Bruins

‘I’m just so overjoyed today’: A closer look at Charlie McAvoy’s contract extension

"My life is here in Boston."

Charlie McAvoy skates against the Washington Capitals. Maddie Meyer/Getty Images

COMMENTARY

The richest contract in Boston Bruins history belongs to Charlie McAvoy.

“I’m just so overjoyed today,” McAvoy said to the media following Friday’s practice at Warrior Ice Arena. “I couldn’t be happier.”

As first reported by Bob McKenzie of TSN, the Bruins and McAvoy agreed to terms on an eight-year, $76 million contract extension on the eve of their season opener. The $9.5 million AAV includes a $3.25 million signing bonus for the 2022-23 and 2023-24 seasons; a $3 million signing bonus for the 2024-25, 2025-26, 2028-29 and 2029-30 seasons; and a $4 million signing bonus for the 2026-27 and 2027-28 campaigns.

According to Daily Faceoff’s Frank Seravalli, the new deal includes a no-movement clause — from 2025-28.

McAvoy (24 goals, 98 assists in 235 career games) ascended into one of the league’s premier two-way defensemen over his first four seasons. It was only a matter of time before the 23-year-old cashed in on a big payday, as notable comparables like Seth Jones, Zach Werenski, Cale Makar, and Miro Heiskanen signed lucrative contract extensions this offseason.

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Indeed, general manager Don Sweeney and the Bruins made a significant investment with McAvoy. They’ll enter a similar negotiation when David Pastrnak’s contract — worth $6.6 million per season — expires at the end of the 2022-23 campaign.

Even with another season of a flat salary cap ahead, signing McAvoy for under $10 million is quite remarkable from the front office’s standpoint. The Bruins will have a little over $12 million in projected cap space with five pending free agents from the opening night roster — UFAs Patrice Bergeron and Anton Blidh and RFAs Jake DeBrusk, Karson Kuhlman, and Jakub Zboril — for the 2022-23 campaign. But certainly, the new McAvoy contract provides a victory for both parties.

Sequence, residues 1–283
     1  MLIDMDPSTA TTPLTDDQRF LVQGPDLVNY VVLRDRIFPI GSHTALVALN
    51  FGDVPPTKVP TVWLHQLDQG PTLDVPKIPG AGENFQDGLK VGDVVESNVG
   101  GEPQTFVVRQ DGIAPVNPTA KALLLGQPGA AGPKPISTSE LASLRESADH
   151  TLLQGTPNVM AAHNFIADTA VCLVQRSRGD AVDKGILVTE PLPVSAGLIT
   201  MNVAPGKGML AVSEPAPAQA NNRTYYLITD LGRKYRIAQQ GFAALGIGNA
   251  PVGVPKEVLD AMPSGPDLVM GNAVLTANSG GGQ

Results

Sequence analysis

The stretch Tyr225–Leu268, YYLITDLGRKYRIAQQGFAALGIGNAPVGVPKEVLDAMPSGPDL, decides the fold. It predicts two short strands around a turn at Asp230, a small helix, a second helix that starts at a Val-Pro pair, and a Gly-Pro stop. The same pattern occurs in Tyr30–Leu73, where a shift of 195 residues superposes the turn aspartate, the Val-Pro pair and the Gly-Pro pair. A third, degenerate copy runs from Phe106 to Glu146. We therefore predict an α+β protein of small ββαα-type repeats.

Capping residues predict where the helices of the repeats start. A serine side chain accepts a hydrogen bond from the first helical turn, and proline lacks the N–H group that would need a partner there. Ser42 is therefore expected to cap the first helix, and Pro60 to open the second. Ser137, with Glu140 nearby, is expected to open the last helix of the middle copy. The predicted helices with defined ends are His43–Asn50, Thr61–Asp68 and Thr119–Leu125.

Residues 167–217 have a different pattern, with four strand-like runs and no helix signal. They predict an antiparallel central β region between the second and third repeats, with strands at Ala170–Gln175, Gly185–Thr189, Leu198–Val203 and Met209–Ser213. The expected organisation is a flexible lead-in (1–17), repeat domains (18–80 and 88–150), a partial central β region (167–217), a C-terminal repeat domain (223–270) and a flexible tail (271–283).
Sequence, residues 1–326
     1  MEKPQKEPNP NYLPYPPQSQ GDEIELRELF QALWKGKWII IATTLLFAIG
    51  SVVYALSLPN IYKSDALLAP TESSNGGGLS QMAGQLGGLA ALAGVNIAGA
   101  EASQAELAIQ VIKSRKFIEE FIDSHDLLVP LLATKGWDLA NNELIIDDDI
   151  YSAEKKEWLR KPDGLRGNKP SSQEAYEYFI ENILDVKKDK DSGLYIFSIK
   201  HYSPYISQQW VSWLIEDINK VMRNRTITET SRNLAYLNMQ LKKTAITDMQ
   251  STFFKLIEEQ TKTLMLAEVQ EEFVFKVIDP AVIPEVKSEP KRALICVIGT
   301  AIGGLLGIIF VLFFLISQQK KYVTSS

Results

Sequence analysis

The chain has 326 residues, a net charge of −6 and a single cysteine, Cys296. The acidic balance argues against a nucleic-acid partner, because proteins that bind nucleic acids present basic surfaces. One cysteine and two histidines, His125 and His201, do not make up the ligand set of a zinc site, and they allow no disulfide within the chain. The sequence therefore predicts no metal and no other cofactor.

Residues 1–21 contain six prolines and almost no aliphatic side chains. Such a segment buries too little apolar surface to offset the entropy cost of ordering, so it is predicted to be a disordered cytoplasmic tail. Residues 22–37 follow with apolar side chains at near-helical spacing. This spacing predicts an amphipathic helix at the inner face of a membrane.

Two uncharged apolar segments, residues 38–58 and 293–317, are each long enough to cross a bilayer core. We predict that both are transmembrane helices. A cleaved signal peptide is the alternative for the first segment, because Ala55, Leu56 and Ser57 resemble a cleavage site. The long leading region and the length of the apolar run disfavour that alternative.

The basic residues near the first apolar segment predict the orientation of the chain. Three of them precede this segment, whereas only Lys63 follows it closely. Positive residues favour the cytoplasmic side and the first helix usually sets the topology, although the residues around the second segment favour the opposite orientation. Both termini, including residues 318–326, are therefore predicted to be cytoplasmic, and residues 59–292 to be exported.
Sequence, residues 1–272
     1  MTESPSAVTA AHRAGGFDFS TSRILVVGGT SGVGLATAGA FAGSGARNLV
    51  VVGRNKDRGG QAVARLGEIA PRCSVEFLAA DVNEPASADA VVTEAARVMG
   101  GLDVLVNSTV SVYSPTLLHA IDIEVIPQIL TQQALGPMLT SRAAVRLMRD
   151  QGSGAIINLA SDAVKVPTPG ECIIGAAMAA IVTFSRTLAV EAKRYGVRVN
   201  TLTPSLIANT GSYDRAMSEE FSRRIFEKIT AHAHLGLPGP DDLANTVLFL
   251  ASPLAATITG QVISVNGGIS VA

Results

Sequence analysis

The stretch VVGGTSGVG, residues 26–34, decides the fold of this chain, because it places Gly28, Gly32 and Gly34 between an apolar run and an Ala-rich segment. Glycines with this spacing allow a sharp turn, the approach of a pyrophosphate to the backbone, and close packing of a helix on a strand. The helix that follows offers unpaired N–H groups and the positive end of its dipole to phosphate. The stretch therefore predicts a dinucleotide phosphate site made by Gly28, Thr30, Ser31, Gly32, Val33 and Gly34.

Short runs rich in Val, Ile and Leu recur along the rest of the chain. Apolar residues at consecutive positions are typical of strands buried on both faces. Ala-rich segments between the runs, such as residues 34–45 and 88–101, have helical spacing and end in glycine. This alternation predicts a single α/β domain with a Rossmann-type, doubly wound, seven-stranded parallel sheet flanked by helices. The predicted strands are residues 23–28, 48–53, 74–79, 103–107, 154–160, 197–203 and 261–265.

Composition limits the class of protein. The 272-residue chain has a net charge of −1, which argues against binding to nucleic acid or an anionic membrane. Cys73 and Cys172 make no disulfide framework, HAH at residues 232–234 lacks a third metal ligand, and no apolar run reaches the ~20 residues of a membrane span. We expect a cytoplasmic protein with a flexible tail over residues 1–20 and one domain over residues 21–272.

“Obviously, Donny [Sweeney] identified a key guy to this team that he wanted to lock up long term. And he’s part of the core now and [he will be] going forward,” head coach Bruce Cassidy told the press. “For a coach, it’s great. [McAvoy] does everything well for us. He works hard. He’s trying to get better and he wants to become more of a leader, which probably helps him in that department. I think everyone likes security, and to know that he has it will be a piece of mind for him.”

The Long Beach, New York native, has called Boston home since enrolling as a freshman at Boston University for the 2015-16 season. The Bruins signed their 14th overall selection from 2016 to an entry-level contract following McAvoy’s sophomore season.

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McAvoy signed a three-year bridge deal following the 2018-19 campaign, but he never envisioned playing anywhere else. His comfort level with the organization and the city has more long-term benefits following the new deal.

“That was my goal and my vision,” he said. “My life is here in Boston. I moved here full-time. I’m here in the summer. I have my routines and it’s here year-round barring going to see my family [on Long Island] on some weekends. But I live here and I love it here. I love the city, the people, the fans — everything. It’s home for me and that’s where I felt like I belong and wanted to be. So, like I said, it’s just a dream come true.”

Surely McAvoy has bigger dreams in mind. He’ll likely find himself in the Norris Trophy discussion for the next several seasons. But his biggest goal for the next decade doesn’t center around individual hardware, but rather hoisting a Stanley Cup after coming so close to achieving that dream in 2019.

“Just the championship pedigree of Boston is something I’ve been so appreciative of, and the team that’s been fielded here ever since I’ve been here…every year we’ve been competitive,” McAvoy added. “So all I’ve known is a championship expectation, which I’m so thankful for. That’s where you want to be. That’s the dream is to win and to have a chance every year and look across at everyone in the room and say ‘we feel like we can do it.’ You know, that’s so special, and I feel like that’s the culture and the expectation here. And that’s what you want to be a part of.”

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